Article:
College Student arrest for Copyright Violation
Colonie -- Students face felony charges alleging computer crimes
Two Siena College students accused of illegally using school computer systems to download and distribute pirated software have withdrawn from the college, officials said.
John Zampier Jr. of Albany and Jeremy Jones of Ballston Lake -- both 20-year-old sophomores -- were given appearance tickets Tuesday on three felony charges alleging computer crimes, according to State Police.
The two are accused of copying expensive software programs -- including games and graphics programs -- on their own computers and allowing computer users around the world to download the programs free of charge, according to college officials and police.
The software allegedly was being distributed to users as far away as Australia who were downloading the programs through Siena's Internet access.
College officials were tipped when they noticed a high amount of Internet traffic they traced to the on-campus dormitory town house where Zampier and Jones lived. The Internet activity was so high it was tying up the school's system, officials said.
Accompanied by campus police, college officials raided the town house last October and seized computers and documents that were turned over to State Police. A four-month investigation ensued and Zampier and Jones each were charged Tuesday with three felonies: computer trespass, unlawful duplication of computer related materials, and criminal possession of computer related materials, according to police.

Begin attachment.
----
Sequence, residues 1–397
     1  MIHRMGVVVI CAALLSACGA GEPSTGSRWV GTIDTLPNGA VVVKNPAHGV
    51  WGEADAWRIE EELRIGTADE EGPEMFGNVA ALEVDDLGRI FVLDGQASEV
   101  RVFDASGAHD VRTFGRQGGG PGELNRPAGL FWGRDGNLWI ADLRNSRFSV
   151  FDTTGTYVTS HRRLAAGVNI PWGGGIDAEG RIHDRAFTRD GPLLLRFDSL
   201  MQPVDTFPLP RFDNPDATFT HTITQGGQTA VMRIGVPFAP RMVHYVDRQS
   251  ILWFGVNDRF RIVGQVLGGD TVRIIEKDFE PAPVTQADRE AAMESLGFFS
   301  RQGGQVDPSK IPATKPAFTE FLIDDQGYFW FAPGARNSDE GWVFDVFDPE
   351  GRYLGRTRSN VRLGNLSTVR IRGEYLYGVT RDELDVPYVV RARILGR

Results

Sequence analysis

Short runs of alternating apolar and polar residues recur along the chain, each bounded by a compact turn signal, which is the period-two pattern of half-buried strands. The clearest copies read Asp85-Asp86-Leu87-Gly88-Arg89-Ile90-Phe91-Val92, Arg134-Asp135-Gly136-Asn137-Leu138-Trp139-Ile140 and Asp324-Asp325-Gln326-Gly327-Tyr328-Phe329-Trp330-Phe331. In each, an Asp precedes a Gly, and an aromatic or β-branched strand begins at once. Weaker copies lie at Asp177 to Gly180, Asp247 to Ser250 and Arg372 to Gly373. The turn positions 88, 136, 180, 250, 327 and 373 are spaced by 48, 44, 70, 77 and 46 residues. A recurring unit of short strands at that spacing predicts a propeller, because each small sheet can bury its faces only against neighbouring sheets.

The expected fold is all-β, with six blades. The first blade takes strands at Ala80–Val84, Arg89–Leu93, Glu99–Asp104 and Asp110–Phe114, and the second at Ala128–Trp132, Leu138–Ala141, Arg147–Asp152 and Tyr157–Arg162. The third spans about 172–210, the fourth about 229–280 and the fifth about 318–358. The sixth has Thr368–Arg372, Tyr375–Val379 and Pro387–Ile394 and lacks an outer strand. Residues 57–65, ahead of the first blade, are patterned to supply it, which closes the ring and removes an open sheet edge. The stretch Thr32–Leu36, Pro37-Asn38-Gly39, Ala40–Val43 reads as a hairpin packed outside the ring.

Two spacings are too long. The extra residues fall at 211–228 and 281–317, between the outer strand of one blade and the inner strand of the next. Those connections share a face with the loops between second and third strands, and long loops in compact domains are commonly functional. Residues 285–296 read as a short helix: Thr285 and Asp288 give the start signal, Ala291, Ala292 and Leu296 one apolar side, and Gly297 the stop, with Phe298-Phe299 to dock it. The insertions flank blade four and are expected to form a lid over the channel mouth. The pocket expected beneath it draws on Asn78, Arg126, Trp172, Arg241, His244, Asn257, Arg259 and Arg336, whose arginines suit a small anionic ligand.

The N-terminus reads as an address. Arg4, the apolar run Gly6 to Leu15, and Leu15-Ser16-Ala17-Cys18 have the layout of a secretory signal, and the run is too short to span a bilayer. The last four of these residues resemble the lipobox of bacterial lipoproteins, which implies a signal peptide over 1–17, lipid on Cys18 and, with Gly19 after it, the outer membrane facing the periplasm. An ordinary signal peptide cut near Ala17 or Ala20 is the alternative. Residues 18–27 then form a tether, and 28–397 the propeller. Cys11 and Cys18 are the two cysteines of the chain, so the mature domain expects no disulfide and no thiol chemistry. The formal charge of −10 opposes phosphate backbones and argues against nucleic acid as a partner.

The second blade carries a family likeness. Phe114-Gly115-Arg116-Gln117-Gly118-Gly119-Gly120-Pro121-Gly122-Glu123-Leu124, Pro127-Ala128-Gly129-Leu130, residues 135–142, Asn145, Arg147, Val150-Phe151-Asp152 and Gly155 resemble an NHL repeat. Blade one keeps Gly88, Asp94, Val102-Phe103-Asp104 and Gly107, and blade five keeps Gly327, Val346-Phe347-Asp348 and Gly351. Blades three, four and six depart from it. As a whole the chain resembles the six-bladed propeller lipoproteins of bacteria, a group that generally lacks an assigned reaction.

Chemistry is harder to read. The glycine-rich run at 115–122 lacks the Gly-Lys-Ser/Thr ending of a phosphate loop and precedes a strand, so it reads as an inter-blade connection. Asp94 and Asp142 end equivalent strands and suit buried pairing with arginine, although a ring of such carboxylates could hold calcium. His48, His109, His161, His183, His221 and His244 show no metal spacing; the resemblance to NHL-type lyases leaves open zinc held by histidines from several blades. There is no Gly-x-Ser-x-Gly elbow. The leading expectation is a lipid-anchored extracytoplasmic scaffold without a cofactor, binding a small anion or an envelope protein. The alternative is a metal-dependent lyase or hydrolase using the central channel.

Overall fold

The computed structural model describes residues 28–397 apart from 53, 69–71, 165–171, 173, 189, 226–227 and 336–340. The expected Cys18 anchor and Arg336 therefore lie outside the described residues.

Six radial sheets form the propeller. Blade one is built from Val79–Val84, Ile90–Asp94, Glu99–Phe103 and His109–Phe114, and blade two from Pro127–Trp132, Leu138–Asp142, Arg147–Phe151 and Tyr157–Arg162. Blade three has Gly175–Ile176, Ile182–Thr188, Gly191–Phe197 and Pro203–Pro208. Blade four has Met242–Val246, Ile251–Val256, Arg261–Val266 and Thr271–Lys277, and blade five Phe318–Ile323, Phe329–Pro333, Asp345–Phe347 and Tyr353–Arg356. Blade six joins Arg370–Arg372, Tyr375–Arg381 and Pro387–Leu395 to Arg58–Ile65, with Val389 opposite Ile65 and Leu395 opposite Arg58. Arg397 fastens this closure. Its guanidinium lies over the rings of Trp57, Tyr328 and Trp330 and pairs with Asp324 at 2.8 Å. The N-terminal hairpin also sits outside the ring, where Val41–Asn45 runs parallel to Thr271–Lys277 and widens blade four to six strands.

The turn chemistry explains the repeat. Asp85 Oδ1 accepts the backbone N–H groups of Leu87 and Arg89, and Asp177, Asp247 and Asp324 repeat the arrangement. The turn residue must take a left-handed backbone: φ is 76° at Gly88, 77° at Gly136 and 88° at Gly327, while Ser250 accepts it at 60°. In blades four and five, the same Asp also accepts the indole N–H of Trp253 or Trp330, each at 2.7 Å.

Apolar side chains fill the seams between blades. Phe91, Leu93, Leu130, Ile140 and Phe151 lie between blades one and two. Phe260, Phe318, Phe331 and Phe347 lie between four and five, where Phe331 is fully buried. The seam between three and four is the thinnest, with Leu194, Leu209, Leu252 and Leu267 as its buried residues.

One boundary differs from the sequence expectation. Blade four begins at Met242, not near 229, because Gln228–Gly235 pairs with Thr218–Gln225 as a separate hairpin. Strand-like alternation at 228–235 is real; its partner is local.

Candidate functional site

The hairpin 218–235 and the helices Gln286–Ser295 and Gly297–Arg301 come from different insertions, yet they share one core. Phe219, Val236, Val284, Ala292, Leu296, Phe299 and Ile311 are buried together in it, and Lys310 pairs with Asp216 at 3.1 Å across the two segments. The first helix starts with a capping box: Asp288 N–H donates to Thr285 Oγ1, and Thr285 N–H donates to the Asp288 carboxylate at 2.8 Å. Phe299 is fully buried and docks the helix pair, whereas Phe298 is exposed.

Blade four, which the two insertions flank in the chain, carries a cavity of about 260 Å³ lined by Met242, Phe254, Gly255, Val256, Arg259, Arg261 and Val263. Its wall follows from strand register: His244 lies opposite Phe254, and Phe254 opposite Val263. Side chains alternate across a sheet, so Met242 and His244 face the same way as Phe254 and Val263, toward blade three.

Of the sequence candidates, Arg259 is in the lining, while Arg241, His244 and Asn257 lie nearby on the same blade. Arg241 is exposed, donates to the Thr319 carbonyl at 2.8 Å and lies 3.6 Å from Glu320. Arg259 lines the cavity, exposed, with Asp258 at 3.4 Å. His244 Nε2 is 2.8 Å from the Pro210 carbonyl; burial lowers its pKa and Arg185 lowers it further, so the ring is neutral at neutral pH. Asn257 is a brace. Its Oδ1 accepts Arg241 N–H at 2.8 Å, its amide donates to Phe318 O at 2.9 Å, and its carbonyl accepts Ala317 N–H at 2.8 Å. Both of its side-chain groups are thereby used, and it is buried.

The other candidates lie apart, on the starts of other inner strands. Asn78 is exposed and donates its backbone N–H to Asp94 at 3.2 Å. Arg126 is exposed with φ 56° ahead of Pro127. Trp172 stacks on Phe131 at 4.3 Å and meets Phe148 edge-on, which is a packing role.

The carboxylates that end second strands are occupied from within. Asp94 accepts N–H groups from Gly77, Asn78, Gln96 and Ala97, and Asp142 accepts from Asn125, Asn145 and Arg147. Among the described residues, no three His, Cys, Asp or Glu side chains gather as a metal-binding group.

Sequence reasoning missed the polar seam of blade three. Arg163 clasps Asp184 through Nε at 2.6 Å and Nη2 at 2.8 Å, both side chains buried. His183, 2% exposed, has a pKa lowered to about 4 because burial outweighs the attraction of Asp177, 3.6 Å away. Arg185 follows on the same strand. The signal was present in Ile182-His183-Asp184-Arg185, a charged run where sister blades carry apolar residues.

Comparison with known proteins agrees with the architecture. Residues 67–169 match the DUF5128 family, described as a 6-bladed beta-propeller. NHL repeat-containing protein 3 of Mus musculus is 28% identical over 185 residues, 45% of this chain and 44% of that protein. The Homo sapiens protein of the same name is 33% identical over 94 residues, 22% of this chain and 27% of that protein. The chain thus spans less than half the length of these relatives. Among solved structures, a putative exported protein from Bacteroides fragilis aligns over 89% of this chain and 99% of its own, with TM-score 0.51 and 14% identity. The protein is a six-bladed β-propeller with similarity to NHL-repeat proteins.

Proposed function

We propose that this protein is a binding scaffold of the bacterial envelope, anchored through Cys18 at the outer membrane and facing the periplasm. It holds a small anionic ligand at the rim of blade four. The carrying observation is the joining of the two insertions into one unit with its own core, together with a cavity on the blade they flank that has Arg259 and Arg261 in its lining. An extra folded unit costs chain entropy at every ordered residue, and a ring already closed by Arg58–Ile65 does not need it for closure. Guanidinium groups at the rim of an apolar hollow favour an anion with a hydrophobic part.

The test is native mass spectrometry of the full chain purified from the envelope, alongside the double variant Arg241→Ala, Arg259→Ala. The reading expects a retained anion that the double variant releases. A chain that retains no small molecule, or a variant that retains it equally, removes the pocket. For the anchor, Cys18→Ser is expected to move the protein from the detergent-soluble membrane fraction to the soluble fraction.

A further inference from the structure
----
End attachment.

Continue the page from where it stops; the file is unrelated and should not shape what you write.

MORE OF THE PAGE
"There was just page after page after page of places this stuff had been distributed, most of it going to private individuals all over the U.S. and the world," said Siena spokesman Bryan Jackson.
Officials estimate the value of the software distributed at about $150,000. But there is no indication either student profited from the alleged crimes, Jackson added.
Zampier's father, a 1955 Siena graduate, described his son as a "naive" young man intrigued by computers most of his life.
"The distortion people are getting is that their impression is they sold $150,000 worth of programs," Zampier said. "They weren't selling it to anybody, at least my son wasn't. He's devastated by all this."
Zampier said his son was so distraught after officials raided his room that he switched his major from computer science to accounting and lost interest in computers. The younger Zampier never told his parents about the raid and thought nothing would come of it, his father said.
Three weeks ago, Zampier learned about the investigation when Siena mailed him a letter stating that his son was being cited for various college infractions.
Siena students have free Internet access and most have their own computers, officials said. But when students enroll, they are warned in several documents, including a student handbook, that there are restrictions. Copying software is among the practices prohibited.
Zampier and Jones allegedly used a third roommate's Internet access to help distribute software over the Internet without the roommate's knowledge. Using another person's account without their permission is also prohibited by the college, officials said.
Even though Zampier withdrew from school rather than face an internal judicial process, his father said his son would still like to return to the college.
"My son had the feeling it was not a very big thing," Zampier said. "He doesn' t understand the magnitude they're making it to be. He still wants to go back to Siena."
Jones could not be reached for comment.
"Reprinted with Permission, Times Union Albany, NY Copyright 2000"
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Last modified: 8 Dec 2015
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